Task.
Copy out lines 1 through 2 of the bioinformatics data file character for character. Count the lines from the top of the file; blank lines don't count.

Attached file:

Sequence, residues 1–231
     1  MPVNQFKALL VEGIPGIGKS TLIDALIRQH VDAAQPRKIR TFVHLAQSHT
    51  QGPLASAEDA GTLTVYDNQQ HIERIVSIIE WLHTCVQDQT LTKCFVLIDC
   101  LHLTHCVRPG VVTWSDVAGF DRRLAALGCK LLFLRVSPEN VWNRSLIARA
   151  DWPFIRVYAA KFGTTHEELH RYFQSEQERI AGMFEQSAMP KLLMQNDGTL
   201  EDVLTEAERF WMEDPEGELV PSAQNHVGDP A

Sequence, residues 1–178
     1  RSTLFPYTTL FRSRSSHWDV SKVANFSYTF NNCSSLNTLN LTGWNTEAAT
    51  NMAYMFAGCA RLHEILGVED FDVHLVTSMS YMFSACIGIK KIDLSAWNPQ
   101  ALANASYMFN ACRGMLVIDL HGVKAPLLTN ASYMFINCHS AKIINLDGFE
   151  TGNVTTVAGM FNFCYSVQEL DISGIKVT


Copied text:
Sequence, residues 1–231
     1  MPVNQFKALL VEGIPGIGKS TLIDALIRQH VDAAQPRKIR TFVHLAQSHT